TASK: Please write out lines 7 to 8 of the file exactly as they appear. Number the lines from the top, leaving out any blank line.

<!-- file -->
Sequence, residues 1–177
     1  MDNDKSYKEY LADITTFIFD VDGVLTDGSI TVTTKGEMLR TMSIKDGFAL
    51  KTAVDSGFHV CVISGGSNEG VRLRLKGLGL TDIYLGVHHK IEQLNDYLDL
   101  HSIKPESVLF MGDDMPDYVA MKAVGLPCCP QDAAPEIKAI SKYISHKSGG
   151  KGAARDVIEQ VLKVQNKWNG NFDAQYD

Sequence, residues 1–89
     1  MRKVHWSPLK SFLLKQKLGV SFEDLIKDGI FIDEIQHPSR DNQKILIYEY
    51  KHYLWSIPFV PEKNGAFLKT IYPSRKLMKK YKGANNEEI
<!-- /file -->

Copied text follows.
     1  MRKVHWSPLK SFLLKQKLGV SFEDLIKDGI FIDEIQHPSR DNQKILIYEY
    51  KHYLWSIPFV PEKNGAFLKT IYPSRKLMKK YKGANNEEI